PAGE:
The Canadian durum wheat harvest was raised by 100,000 MT by the AAFC, and with no demand changes, carryout was raised by the same amount to 1.2 MMT. While this is still a 25% / 400,000 MT reduction year-over-year, average 2019/20 durum prices are forecasted to be 10% below the five-year average at $250 CAD/MT (or $5.10 USD and $6.80 CAD per bushel when converting metric tonnes to bushels). The Canadian non-durum wheat harvest was raised by AAFC to 27.4 MMT, up 400,000 MT from last month’s estimate, mainly thanks to expanded acres planted outlined by StatsCan back in June. Demand was raised a little, but Canada’s non-durum wheat ending stocks were pegged at 4.3 MMT, up nearly 20% from 2018/19’s carryout.
Maybe we should take these estimates with a grain of salt though as a lot of the numbers in the forecast from AAFC did not account for the below-freezing temperatures seen last weekend in east-central Saskatchewan. Notably, quite a lot of oats are produced in the area and until recently, oats prices have been mainly watching and waiting for harvest to start up.  Currently, AAFC is estimating that a little over 1 MMT of Canadian oats are headed for the feed column, but after this frost, their number might be a little low. Combined with some rumours of stronger oats exports into the U.S. this summer, Canadian oats endings stocks might be tighter than the 600,000 MT currently being forecasted by AAFC. Accordingly, oats prices might find some strength this fall.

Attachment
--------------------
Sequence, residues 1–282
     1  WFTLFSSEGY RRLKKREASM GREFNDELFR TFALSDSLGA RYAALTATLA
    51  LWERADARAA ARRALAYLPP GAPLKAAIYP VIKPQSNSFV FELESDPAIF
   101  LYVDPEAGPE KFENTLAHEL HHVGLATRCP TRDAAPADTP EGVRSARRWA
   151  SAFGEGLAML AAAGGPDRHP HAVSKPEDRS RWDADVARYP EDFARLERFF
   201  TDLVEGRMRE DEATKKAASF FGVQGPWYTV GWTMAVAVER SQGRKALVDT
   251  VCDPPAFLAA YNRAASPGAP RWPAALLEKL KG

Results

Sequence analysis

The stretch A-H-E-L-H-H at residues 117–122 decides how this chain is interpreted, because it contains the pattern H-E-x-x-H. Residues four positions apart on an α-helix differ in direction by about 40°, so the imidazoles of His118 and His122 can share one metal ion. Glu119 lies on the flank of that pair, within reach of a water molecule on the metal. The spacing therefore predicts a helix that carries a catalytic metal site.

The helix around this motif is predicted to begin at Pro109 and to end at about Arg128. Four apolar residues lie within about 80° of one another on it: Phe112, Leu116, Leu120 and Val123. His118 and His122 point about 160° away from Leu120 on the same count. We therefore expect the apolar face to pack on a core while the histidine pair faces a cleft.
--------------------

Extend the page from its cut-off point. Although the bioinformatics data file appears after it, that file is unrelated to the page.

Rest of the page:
Corn, Soybean Yields from This Week’s Crop Tour
On Wednesday and Thursday, ProFarmer crop tour scouts drove and sampled through Illinois, Iowa, and Minnesota, and the further they went west, it seemed like the crop only got better. Estimates of Iowa’s corn yields show really positive numbers, while Minnesota was not far behind what farmers in the Gopher state were able to accomplish last year.  In Illinois, corn yields are a bit spotty as some of the crop was planted in April, a few fields in May in between the rain, and then the rest in June, and those last acres are actually coming in pretty nice, but again, it’s late.  That being said both corn and soybean yields are expected to take a nosedive in Illinois.